Cory’s hit-list: Bernardi’s colleagues who don’t make the grade
Maverick Liberal Cory Bernardi thinks “traditional” nuclear families are best for children — so why are his Coalition colleagues from “non-traditional” backgrounds doing better than he is?
Bernardi, who has a new book out, is on a crusade to defend his “gold standard” for families: a biological mother and father who are married. He says anything different — step-families, single parents, same-sex parents — is not equal. The South Australian Liberal Senator, a favourite of columnist Andrew Bolt (who penned the tag-line for The Conservative Revolution, retailing on Amazon for $26.96), has warned single-parent families can lead children into crime and promiscuity.
He might want to be careful with that theory. Crikey has applied the “Bernardi test” to federal Parliament and found quite a list of politicians who have what he dismisses as “non-traditional” families.
Coalition MP Sharman Stone told Crikey that Bernardi’s book contains “angry and hurtful views”, and talking down non-traditional families is “just nonsense”. Stone, a Victorian Liberal MP, was particularly annoyed at Bernardi’s description of those who advocate for abortion rights as “pro-death” and his claim that some women use abortion as “an abhorrent form of birth control”.
“I find that deeply offensive … it’s a hate-filled statement,” she said. Stone called on her author-colleague to donate the proceeds from his book to a women’s refuge. “I certainly don’t think we should have people trying to make profit out of books which are deliberately provocative and anti-women and children.”
As to Bernardi’s views on families, Stone said: “Well, certainly in stereotyping a particular group or individual, it’s just that — it’s not looking at the reality. Blended families have been the nature of Western cultures for generations. After each war there’s been single mother-reared families … what matters is if the child has stability and love.”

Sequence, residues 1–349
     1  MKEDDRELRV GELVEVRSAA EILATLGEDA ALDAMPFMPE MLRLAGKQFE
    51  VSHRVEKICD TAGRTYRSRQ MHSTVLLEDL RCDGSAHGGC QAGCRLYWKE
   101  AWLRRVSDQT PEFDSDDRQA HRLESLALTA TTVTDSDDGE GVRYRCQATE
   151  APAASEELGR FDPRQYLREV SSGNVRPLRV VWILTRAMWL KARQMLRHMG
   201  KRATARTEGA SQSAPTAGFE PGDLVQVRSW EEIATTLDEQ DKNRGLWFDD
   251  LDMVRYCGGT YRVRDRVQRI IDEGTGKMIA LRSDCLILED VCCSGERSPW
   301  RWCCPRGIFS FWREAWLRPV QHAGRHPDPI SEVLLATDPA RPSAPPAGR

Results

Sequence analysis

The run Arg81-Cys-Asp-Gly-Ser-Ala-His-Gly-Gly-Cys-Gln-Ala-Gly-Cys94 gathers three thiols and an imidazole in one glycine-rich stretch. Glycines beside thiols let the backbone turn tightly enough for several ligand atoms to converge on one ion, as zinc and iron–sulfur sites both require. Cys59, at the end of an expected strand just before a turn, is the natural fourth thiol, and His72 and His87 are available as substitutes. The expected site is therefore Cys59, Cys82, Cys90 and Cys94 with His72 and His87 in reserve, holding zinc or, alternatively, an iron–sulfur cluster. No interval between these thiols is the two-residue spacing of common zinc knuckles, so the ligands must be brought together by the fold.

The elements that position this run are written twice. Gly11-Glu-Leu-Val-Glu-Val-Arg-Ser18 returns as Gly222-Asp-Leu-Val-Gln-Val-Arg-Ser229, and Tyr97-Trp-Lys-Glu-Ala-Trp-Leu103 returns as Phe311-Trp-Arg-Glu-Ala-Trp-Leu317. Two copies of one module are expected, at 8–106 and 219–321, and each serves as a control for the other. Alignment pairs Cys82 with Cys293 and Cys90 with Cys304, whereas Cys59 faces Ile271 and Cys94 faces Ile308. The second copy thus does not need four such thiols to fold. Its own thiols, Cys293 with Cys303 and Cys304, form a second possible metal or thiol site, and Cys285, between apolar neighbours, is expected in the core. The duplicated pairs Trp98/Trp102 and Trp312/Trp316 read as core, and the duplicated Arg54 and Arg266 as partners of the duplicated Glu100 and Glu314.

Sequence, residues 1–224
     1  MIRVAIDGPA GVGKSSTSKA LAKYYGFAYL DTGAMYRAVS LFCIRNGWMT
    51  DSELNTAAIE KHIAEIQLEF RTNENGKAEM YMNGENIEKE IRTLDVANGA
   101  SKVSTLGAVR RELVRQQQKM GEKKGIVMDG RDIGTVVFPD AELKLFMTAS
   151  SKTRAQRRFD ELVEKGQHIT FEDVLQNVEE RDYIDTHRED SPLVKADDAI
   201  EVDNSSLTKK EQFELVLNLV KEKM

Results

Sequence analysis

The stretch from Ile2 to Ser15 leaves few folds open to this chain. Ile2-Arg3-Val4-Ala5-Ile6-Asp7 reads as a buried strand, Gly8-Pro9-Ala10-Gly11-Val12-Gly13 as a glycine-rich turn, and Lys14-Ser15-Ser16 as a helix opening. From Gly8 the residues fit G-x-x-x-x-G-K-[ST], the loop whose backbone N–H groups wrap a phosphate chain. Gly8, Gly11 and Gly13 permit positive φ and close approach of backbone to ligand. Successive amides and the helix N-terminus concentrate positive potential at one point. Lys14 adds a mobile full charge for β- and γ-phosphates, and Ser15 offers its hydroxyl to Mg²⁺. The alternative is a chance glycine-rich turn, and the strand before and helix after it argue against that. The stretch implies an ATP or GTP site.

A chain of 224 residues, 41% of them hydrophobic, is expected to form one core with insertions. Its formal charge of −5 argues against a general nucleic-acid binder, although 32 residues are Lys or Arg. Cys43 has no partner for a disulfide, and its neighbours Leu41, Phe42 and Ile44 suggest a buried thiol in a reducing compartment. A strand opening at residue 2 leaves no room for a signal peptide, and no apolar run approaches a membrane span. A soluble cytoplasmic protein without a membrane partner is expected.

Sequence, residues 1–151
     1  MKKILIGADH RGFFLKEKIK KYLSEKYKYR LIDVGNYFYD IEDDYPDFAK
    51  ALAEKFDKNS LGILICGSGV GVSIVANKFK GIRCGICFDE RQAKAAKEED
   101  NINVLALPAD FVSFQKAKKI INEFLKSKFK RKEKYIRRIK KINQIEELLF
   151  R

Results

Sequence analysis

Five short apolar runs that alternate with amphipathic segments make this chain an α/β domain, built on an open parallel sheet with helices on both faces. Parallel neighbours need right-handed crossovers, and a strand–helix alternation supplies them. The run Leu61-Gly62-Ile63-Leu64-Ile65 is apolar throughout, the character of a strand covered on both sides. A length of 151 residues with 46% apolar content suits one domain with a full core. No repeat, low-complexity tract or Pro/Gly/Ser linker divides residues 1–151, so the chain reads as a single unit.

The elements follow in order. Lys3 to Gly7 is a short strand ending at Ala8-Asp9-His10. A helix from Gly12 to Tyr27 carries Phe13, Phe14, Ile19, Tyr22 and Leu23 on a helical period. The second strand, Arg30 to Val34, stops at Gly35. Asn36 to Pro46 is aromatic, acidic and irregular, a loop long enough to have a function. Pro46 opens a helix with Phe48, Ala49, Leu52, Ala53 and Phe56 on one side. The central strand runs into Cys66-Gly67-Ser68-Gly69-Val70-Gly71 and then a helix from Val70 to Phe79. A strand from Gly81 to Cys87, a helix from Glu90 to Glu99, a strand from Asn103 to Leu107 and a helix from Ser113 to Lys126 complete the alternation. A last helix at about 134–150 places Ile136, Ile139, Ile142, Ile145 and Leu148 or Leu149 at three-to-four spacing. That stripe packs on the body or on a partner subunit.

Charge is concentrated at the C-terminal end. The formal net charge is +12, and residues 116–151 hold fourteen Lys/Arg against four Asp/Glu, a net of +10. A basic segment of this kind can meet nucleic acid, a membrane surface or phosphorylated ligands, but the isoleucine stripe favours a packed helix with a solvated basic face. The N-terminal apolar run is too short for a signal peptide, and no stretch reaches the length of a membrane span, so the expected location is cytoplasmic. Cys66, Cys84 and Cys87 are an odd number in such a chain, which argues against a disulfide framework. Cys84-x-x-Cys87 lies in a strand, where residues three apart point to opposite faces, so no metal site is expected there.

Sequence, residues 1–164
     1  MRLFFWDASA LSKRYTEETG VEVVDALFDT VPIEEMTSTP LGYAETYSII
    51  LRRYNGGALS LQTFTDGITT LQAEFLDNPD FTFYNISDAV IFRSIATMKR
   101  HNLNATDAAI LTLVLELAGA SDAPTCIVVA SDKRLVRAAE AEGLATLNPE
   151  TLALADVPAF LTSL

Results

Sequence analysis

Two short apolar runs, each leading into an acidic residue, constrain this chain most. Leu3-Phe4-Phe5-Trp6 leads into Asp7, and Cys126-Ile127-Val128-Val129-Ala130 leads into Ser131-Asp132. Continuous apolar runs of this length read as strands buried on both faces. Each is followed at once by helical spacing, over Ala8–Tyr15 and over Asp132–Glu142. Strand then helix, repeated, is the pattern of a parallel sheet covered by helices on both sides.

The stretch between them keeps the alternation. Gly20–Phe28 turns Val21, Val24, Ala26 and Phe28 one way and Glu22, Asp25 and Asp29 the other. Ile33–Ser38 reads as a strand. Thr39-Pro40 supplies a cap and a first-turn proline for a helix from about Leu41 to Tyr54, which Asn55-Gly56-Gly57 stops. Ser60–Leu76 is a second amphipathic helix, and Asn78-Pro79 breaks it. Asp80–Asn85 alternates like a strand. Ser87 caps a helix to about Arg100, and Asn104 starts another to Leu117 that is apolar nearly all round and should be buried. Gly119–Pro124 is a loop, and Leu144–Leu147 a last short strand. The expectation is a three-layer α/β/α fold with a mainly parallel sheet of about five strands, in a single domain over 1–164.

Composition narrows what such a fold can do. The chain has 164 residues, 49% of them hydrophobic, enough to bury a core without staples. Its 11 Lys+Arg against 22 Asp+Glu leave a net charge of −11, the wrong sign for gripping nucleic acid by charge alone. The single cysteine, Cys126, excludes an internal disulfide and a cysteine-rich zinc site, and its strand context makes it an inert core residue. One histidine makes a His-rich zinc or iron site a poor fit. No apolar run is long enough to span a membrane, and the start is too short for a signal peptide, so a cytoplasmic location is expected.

Liberal Senator Sue Boyce also criticised Bernardi’s views on the family, telling Crikey that “life happens. People make the best efforts they can to be loving parents in vast numbers of different situations. No one has the right to judge them.”
Crikey applied the Bernardi test to the man himself, and to some of his colleagues. Yes, Bernardi was raised by his biological parents who were married. He is married himself and has two sons. He meets his own “gold standard” — but this has not helped him into cabinet. He has twice held a ministerial role and twice lost his job (Malcolm Turnbull sacked him, and the second time Bernardi “resigned” under Tony Abbott for those bestiality comments). He’s now a backbencher.
Meanwhile, here are some successful Coalition politicians who don’t fall within Bernardi’s “gold standard” …
“I love my daughter to pieces. The love that I have in my family is as strong a bond as anybody’s.”
Tony Abbott had a love child at a young age, who was adopted out (it later turned out he was not the biological father). Abbott’s sister Christine Foster is divorced from her husband and raising her children in a lesbian relationship.
Communications Minister Malcolm Turnbull was raised by a single father.
Attorney-General George Brandis was raised by a single mother after his father died. “We were a two-person family, and I was very much the focus of a very loving mother. I always felt her greatest gift to me was self-belief,” he told Fairfax last year. Brandis has two children and is divorced from his wife.
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